Gary, maybe I’m just a little different than most people on this blog — I don’t know — but I just have no grand ideas about converting people to become bike riders or even trying to get more ridership, or simply to drive social change. I love it and feel lucky to be a part of it — but feel it should be an attraction thing. So in that sense, I am all up or building new avenues to make biking more safer for all. But bikers have been preaching the good life for years and I could have cared-a-less about them and now only marginally embrace them. I stumbled into this on my own and now consider myself a proud member of the biking community — but could care-a-less about such things as bike sharing programs. What I do believe in is providing alternatives to a motor vehicle — which basically means to me bike paths, bike lanes, repavement projects, and better intersection travel/markings. In short, I am not a promoter or a driver for biking social change — never will be — but if my bike trips and commutes inspire others on mediums such as Facebook, so be it. Again, it’s an attraction thing.
Here’s why cyclists should want fewer people driving and more people biking:
Safety. As cycling rates in a city rise cycling becomes safer.
Design. The more people drive the more places are built to be exclusively accessible to drivers or nearly so; and then the fewer people can bike.
Distance. The more people drive the more the city (when I say “city” I am talking about the economic unit of the city with no regard to political boundaries) sprawls, and the distances you have to travel to get around on bike increase.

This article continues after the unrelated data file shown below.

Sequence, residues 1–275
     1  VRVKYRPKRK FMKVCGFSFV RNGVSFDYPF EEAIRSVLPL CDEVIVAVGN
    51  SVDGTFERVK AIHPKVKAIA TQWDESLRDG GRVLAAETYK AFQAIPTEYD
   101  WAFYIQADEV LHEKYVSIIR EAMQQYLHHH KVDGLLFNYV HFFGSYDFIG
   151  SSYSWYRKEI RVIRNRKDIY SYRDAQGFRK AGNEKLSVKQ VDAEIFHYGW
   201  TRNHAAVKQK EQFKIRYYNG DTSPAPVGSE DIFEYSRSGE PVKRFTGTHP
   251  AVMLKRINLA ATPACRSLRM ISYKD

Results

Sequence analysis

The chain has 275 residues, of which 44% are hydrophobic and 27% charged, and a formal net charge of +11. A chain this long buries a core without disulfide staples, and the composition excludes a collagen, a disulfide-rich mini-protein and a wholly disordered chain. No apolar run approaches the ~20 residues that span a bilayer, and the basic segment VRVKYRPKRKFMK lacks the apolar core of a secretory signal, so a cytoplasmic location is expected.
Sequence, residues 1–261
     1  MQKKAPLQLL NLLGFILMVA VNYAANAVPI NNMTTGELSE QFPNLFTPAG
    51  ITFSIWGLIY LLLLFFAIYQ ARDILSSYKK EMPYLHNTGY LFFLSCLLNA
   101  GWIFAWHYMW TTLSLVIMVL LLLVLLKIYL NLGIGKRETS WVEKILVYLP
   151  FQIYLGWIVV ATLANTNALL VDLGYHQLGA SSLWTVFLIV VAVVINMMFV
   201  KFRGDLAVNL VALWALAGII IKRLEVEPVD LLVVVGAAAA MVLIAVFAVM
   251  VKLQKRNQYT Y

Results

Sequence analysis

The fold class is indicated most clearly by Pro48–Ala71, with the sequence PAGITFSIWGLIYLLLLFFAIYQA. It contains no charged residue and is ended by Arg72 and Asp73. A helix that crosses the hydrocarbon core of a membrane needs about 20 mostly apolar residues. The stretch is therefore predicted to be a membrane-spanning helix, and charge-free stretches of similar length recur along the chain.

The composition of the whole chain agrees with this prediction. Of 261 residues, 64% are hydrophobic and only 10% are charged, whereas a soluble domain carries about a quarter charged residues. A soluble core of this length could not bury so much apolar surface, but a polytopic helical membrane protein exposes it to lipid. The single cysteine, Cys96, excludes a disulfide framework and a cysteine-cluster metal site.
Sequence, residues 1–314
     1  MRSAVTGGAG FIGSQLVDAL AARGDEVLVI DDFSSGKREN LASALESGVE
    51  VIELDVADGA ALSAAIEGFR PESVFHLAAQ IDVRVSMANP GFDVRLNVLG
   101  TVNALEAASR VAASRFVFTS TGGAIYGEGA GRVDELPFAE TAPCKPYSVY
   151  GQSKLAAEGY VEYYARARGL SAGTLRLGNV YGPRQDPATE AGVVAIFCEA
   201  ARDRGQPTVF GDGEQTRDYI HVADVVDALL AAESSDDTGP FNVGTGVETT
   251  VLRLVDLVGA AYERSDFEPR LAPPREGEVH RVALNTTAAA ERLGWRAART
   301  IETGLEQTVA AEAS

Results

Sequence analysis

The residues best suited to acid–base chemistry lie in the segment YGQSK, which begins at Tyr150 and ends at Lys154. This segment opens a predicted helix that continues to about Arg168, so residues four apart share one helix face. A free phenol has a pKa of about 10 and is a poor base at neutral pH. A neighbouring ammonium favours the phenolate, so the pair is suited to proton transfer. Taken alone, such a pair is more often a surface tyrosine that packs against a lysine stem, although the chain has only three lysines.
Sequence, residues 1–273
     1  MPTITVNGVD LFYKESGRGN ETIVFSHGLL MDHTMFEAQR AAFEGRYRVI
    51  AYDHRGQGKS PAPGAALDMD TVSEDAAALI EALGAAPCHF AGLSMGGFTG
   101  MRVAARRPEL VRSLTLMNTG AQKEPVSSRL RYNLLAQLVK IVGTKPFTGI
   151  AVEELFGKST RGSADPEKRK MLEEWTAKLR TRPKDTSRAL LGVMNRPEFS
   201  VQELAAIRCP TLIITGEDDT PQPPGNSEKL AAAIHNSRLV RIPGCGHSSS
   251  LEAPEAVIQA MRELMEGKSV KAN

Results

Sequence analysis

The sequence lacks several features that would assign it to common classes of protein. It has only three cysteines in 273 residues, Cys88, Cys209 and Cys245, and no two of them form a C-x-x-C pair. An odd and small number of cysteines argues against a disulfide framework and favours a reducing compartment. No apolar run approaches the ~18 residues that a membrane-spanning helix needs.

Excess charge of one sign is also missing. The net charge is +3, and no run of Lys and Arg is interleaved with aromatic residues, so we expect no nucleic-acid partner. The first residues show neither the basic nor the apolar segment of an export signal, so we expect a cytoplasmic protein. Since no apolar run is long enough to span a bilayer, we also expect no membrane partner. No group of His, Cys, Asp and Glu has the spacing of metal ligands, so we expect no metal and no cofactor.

Politics. The more people bike the more political support there is for bike projects.
Spite. I have had it up to here with irresponsible drivers endangering my skin. If they want me to support anything other than the demolition of urban freeways they’d better start treating me with more respect.
The idea of using air quality funds for highway widening is Orwellian. Want to improve air quality over any term longer than a few weeks? Demolish urban freeways.
Uninspiring. Although +1 for your spite comment.
I find that being a vocal advocate but a reasonable one about bicycling is well worth it. I’ve converted a large number of people into at least trying it as an alternative and many of them have stuck with it for all the joyous reasons you’ve put forth.
Being positive about biking makes people in your social circle want to take up biking. Conversations like “$#!%# driver just nearly hit me!” and “This bike lane sucks” makes bicycling sound completely unappealing. On the other hand, conversations along the lines of, “oh man, blasting down $hill was such a rush!” and “Rain? Yeah, but biking in it was really refreshing in this heat” make people jealous of your chosen mode of transport.
Hilarious outrage from a page that just heralded the coming of AAA coverage for bikes….
What does AAA support? Roads….
[…] is not good for biking and walking, which was slashed by at least 35 percent. While there are some ancillary benefits to the new bill, it’s main change is the amount of latitude local and state governments now […]